Not Logged In, Login,

Wednesday, December 13, 2017

POINTS OF VIEW

Are freight futures catching on at last?

Simon Toyne from Hess Energy Trading Company told delegates at this week’s Tanker Operator Conference in London that in the last 12 months the traded volume of Freight Future Agreements has increased 500% across the board with oil traders, oil majors and financial institutions joining in. These new players will allow development to continue by increasing the liquidity of the market.

How much can they develop? While paper oil trades represent ten times the physical volumes traded, paper freight trades right now represent only 10% of tanker shipping. So there is room for growth. “In fact, growth in FFAs will astonish you,” said Toyne bullishly.

Pierre Aury, former Head of Freight trading for Enron in London and now managing director of Clarkson Capital, was on hand at the same conference to extol the virtues of a new futures market – second-hand tankers. Forward Ship Value Agreements (FOSVAs) allow players to buy as little as a 5% share in a notional vessel, each vessel being split into 20 units.

Four five-year-old ship types are available to trade: double-hulled VLCC, double-hulled aframax, capsize bulk carrier, panamax bulk carrier. Ten S&P brokers make up the panel, which meets twice a month to assess current values rather than simply using ‘last done’. “This (price assessment) is an art, not a science,” says Aury. “It’s about creating trust that the result is not manipulated.” Settlement is made against the average of the six indices during the quarter of settlement.

Is it speculation? “Actually buying a (physical) ship is sheer speculation,” says Aury. Going the paper route allows one to take a position at any moment on the time line, whereas physical S&P only allows intervention on prompt dates (i.e. a second-hand purchase) or in 2007/8 (i.e. a newbuilding).

However, London-based shipping accountant and business consultant Moore Stephens sounds a note of caution and says that the freight futures market “remains as yet immature and illiquid” and that “shipowners should enter it with care.

MS partner David Anstis points to a new dimension in today’s shipping markets with freight derivatives as well as the freight markets themselves booming together for the first time – some brokers are reporting that freight futures have recently been turning over as much in a month as they used to in a year. “As a result, a lot of owners and charterers are seeing big physical gains and losses in the freight markets magnified by paper trading .... and a number of well-known owners and charterers are thought to have massive losses in futures.”

How come? Because “the freight derivatives market is very illiquid and, when the real market moves suddenly and quickly, parties holding paper can find themselves locked into either major gains or major losses.”

Reflections from London this week and New York last week …

A handful of reflections from the Tanker Operator, 2nd Annual London Conference and the New York DNV Classification Society Forum  …  the image story from the industry stakeholders in 2004.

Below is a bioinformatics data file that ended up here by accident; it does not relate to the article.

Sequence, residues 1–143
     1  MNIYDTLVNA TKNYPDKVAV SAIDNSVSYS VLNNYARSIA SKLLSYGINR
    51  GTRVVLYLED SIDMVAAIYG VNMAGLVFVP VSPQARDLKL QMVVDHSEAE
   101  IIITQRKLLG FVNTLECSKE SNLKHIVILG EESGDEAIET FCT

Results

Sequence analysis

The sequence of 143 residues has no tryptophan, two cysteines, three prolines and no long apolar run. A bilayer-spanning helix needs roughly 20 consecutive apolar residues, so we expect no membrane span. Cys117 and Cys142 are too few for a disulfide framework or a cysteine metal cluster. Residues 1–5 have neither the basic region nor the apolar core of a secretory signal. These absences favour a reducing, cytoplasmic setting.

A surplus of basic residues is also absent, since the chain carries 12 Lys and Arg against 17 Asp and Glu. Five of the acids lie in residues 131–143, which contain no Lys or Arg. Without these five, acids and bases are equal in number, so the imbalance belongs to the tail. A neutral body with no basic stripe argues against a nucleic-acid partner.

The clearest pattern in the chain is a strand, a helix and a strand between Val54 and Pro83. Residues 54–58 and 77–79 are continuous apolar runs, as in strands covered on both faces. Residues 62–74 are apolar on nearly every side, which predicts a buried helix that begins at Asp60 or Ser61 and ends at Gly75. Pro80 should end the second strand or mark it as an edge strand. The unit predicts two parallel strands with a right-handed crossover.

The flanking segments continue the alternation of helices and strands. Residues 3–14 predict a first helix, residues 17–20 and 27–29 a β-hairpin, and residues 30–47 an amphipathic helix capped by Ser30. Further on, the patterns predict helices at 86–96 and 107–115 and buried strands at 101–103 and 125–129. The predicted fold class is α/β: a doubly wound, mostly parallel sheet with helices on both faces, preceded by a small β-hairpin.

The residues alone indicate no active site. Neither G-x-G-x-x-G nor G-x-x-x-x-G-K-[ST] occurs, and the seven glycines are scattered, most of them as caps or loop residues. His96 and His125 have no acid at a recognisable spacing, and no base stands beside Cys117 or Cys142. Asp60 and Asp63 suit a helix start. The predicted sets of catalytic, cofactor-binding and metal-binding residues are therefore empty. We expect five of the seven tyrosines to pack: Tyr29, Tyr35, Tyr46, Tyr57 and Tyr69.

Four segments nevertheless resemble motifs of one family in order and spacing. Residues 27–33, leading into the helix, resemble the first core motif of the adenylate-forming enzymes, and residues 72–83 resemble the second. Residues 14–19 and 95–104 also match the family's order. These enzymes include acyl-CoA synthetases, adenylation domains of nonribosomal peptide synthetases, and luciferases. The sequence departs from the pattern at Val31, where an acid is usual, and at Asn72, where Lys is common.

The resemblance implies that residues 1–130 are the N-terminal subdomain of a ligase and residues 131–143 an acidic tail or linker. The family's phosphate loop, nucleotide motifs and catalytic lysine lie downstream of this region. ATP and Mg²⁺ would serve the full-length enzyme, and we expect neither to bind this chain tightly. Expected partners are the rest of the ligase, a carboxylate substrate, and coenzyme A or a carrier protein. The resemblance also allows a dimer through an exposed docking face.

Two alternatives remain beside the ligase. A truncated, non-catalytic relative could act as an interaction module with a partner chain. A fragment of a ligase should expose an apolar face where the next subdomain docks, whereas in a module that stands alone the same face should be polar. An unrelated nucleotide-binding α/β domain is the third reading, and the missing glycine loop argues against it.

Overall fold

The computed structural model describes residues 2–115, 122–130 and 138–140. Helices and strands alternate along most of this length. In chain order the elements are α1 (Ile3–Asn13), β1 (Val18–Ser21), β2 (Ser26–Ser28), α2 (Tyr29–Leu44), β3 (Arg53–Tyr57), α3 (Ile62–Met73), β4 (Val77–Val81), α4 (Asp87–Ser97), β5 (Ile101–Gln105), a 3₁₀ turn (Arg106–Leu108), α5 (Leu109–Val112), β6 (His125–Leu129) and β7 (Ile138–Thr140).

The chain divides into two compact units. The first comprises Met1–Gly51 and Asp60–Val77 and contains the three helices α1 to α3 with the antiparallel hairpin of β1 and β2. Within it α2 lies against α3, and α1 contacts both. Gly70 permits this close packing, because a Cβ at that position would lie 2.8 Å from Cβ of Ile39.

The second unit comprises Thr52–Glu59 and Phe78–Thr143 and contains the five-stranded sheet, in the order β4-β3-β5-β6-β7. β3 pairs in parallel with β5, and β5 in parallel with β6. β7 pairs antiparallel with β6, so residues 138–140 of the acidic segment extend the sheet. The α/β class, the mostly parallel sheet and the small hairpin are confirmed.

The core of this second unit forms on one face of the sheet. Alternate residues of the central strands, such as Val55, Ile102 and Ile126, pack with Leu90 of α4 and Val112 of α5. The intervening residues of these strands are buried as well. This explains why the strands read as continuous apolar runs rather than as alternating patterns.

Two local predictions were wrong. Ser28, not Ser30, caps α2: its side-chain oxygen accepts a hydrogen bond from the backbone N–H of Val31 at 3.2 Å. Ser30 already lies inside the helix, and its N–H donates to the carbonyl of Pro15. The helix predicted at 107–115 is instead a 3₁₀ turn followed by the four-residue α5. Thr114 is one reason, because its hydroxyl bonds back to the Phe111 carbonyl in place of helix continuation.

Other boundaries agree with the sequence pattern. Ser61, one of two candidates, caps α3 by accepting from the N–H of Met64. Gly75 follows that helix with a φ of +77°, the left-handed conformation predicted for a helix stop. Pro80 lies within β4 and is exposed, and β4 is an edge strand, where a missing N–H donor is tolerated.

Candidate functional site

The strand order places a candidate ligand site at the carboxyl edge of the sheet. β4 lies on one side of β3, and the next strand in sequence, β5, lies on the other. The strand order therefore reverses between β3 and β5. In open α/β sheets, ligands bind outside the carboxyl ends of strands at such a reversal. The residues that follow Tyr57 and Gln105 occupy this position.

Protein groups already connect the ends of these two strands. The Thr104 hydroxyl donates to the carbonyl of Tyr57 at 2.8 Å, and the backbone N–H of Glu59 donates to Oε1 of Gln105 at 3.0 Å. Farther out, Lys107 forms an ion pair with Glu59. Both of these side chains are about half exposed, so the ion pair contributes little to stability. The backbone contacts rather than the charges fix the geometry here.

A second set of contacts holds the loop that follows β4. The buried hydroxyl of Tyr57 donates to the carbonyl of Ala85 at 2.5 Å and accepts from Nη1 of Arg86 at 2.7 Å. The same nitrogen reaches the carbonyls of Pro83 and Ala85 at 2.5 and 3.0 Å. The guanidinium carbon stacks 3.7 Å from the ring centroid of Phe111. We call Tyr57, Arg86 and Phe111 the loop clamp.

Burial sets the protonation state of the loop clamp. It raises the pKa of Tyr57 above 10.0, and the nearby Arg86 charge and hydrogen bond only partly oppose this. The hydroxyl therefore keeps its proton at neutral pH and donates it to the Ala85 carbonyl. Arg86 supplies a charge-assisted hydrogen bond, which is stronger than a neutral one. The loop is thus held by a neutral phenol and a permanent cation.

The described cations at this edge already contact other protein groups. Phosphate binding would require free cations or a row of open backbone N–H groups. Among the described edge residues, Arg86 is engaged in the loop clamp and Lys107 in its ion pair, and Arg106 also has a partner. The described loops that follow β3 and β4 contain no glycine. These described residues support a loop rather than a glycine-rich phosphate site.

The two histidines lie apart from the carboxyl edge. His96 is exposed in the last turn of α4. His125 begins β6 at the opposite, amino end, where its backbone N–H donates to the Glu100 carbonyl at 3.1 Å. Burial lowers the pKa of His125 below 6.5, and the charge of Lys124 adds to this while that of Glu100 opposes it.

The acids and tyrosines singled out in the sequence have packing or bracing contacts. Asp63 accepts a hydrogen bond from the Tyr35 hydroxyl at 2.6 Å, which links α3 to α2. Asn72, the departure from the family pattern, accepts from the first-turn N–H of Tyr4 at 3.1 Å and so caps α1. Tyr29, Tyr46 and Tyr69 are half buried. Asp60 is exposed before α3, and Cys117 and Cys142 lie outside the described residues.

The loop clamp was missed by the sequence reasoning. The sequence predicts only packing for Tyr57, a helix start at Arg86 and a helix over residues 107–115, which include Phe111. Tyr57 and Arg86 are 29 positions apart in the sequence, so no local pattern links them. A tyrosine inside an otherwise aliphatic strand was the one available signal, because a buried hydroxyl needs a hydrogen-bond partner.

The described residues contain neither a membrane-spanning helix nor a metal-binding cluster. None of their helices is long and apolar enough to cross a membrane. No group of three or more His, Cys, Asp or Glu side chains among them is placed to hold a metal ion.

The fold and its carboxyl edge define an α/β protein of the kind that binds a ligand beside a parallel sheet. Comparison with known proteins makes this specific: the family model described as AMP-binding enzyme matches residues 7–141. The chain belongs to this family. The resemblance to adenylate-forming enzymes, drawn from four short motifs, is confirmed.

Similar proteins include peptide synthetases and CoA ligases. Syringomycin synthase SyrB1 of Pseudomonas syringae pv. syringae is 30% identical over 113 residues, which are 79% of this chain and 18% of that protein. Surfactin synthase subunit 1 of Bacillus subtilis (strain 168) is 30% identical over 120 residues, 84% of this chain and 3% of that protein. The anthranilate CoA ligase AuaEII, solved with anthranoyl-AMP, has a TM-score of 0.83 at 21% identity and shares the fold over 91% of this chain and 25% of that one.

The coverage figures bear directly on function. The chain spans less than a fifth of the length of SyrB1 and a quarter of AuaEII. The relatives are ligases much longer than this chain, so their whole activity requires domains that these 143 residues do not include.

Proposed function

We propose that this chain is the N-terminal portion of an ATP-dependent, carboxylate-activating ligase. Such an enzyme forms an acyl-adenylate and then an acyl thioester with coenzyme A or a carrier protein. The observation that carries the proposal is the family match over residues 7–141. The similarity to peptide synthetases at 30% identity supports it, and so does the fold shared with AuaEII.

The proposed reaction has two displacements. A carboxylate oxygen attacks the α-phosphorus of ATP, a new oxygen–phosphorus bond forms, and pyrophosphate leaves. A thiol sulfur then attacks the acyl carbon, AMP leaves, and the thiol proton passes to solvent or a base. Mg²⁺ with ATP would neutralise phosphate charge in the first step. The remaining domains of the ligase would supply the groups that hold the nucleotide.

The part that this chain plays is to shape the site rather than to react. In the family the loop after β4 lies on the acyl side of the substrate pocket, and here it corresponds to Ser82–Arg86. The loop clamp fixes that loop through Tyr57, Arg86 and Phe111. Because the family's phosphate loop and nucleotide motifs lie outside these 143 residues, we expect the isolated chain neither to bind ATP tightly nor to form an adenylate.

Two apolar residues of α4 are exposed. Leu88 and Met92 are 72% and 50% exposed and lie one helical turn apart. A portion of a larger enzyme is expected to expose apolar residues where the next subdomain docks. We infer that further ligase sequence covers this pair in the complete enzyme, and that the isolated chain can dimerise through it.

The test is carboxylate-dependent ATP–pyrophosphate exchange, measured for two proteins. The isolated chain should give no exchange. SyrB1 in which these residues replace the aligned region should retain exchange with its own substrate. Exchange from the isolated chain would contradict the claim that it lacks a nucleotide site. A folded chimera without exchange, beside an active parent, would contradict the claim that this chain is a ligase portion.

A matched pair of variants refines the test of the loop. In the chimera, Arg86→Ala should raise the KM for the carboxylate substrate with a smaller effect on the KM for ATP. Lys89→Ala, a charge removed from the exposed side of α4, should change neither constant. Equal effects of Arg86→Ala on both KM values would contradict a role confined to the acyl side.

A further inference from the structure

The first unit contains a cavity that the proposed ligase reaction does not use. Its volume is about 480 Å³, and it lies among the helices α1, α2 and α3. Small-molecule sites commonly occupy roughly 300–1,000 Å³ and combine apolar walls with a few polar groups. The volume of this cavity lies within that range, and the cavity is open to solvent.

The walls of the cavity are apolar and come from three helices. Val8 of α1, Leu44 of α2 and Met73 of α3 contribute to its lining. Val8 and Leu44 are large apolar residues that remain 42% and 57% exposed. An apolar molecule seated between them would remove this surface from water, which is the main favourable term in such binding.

• “When the light shines on us we cast dark shadows. And shadows are followers and not leaders”.
  • “We are an invisible industry.  We need to make the connections visible”. 
  • “Some stakeholders have selfish missions but we all have common goals”.
  • “Shipping is considered a high risk investment”.
  • “With flagging out and subsidies we are looked upon as a cheap industry”
  • “We have a reputation for lack of accountability and opaqueness’”.
  • “Within the industry blame is always cast at others”.
  • “We need to oppose excessive liabilities and blame culture. Promote cohesion in the industry”.
  • “There is a lack of awareness of the importance of shipping in everyday life”
  • “More effort is needed to promote shipping as the trading highway of the world”
  • “It is not the industry that creates the bad image. It is the ship that creates the bad image”.
  • “The overall image of the tanker industry is formed of a the cumulative impacts of perception and interpretations of the performance of the different stakeholders”.
  • “The industry needs to be able to demonstrate that it is in control of its risk issues”.
  • “We need to educate the public about the ships and the difficult and hostile environment the ship has to operate in”.
  • “It is the ship that is the focal point of both the negatives and positives”.
  • “What we have to do is to improve the image of the ship.  Tell people what it does.  Explain the working environment onboard”.
  • “We will never achieve zero accidents.  We must acknowledge that we will always be dealing with the aftermath of an incident”.
  • “One of the goal-based standards that we should set ourselves is to attract the best and the brightest to the industry”.
  • “Young people need to be attracted in the industry. We have a poor attraction for jobs”.
  • “Too much energy is expended arguing amongst ourselves and not enough on telling the outside world about the role of the tanker”.
  • “Our mindset remains within national terms on what is an international shipping issue”.
  • “We need strategic thinking, expedient, progressive and cost efficient initiatives”.  
  • “Image building is a long-term process and as such frequently receives less attention from the participants than short-term targets”.
  • “We need an agenda for change”.
  • “We need direction for the industry”.
  • “Why do we spend time talking about image? Because we all want to contribute to making a difference to what will happen in the future”.
  • “Stand up, do the right thing and be seen as doing the right thing”.
  • “Spend cash, sort out class and flag and love your regulator”
  • “Engage with the public and celebrate success”
  • “Shipping is a service”.
  • “It’s all about mindset”.

Contact: Sally Woulfe